But, for a moment, let’s go back to my favorite sentence thus far – the one that ends the second paragraph.  The goal of all of these evolutionary adaptations is to both serve a metabolic mandate for the animal and serve an ecosystem balancing role in the elimination of carrion and prey respectively.  Informative within this reflection is that the consumer has engaged in adaptation to achieve the singular benefit desirable for its engagement within the ecosystem rather than seeking to manipulate the ecosystem to favor its objectives.  And this, ironically, applies both to snake venom, vulture guts, and mammalian reproduction.  Permeability for provisioning life – the enzymatic mandate of hyaluronidases – is not general in its application but rather it is highly focal and specific.  If one were to simply spray these enzymes across the ecosystem, we’d be reduced, quite literally, into a gooey ooze. 

It appears, upon closer inspection, that we could learn a lot from a serpent.  It may be no small coincidence that we’ve developed elaborate social, religious and cultural metaphors to steer clear of what they can teach us.  “Unclean birds” and “serpents” – examples of autogenic consumer adaptation – are relegated to the ick-factor while gluttonous grazing beasts are revered.  Now, don’t get me wrong.  I think there are a lot of cows and camels that could teach us a lot about life but I’m particularly fascinated by the consumer evolutionary intelligence of vultures and snakes.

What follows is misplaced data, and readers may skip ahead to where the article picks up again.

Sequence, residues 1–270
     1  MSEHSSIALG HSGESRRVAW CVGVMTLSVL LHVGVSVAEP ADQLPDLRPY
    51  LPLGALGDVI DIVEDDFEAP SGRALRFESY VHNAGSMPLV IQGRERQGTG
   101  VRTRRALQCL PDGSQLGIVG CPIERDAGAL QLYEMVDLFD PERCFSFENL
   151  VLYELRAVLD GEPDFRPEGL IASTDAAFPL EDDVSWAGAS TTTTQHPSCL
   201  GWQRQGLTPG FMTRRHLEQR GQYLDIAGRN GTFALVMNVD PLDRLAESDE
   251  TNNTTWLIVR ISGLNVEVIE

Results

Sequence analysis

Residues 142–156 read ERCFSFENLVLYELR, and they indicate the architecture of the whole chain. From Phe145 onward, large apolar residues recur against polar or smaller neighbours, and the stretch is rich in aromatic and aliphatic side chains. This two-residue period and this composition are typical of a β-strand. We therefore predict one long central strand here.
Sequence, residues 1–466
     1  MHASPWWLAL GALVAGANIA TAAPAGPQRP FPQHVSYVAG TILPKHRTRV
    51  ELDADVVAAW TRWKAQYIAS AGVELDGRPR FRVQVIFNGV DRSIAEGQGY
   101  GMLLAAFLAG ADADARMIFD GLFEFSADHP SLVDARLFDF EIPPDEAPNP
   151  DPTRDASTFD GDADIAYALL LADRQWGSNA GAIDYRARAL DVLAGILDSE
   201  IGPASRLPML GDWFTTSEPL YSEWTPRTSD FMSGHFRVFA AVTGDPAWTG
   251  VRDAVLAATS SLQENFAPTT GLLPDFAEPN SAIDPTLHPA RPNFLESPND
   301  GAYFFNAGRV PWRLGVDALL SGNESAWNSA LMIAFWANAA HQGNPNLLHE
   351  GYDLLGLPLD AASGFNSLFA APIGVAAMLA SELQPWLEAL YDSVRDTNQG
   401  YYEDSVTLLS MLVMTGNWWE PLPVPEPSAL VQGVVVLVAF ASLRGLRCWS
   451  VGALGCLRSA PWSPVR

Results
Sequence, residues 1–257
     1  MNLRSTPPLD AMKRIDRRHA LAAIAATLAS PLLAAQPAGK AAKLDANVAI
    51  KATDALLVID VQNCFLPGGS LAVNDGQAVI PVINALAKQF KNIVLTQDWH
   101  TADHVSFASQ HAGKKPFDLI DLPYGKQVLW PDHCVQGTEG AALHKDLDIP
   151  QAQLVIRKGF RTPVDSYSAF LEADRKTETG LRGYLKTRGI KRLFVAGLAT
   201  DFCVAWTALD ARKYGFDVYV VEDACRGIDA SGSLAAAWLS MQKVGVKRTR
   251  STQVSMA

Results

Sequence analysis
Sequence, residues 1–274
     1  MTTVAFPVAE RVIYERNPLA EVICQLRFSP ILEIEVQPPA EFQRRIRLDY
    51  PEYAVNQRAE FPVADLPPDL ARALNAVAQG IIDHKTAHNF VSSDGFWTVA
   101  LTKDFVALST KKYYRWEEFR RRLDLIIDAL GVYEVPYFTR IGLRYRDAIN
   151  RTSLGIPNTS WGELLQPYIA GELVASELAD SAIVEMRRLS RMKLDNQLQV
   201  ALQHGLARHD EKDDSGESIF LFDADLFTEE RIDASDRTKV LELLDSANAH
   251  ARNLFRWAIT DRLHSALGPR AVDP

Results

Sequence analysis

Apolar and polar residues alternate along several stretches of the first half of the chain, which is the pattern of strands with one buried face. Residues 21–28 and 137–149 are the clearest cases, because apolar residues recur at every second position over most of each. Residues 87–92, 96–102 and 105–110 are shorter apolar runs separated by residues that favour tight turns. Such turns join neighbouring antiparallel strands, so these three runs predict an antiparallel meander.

What would our consumer industrial complex look like if we took on some responsibility to modify ourselves to be more suitable consumers in our ecosystem?  Much of what we seek to describe in economic terms are inefficiencies we project upon our ecosystem so that it conforms to our desires.  Much of our associated conflicts arise from the dissonance we impose on a world we want to manifest in our illusory image.  But, in this impulse lies the seed of persistent conflict.  We – now I’m speaking about the whole of humanity – are no more identical in our aspirational consumption than are the 300 different species of venomous snakes.  Some of us like the crunchiness of a paralyzed mouse while others of us prefer the sedate, lifeless piglet.  And the reasons why our preferences differ is, in part, because of the enzymes in our digestion which make one form palatable over another.  With over 2,700 varieties of snakes – only 300 of which adapted to envenomate prey – and with hundreds of Falconiformes – only a subset which feed on carrion – do we really think that we can find a single enzyme of consumption that is common to all of us?  Not a prayer!

So where does this leave us?  Great question.  What I know is that this parable of consumption was my obsession this week.  I do know that it’s serving as another lens through which I’m observing economic systems.  And I know that, at present, this is merely the carcass of the idea which, when fully digested, will look quite a bit different.  Chew wisely!

Sunday, March 23, 2014

Nebuchadnezzar at the Federal Reserve